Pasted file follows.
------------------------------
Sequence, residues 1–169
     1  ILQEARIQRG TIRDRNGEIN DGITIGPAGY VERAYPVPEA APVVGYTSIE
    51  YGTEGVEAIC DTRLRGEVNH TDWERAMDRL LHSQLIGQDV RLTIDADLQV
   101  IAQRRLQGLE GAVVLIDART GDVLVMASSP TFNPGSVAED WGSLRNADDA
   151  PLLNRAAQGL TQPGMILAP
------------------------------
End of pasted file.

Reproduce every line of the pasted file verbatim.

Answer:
Sequence, residues 1–169
     1  ILQEARIQRG TIRDRNGEIN DGITIGPAGY VERAYPVPEA APVVGYTSIE
    51  YGTEGVEAIC DTRLRGEVNH TDWERAMDRL LHSQLIGQDV RLTIDADLQV
   101  IAQRRLQGLE GAVVLIDART GDVLVMASSP TFNPGSVAED WGSLRNADDA
   151  PLLNRAAQGL TQPGMILAP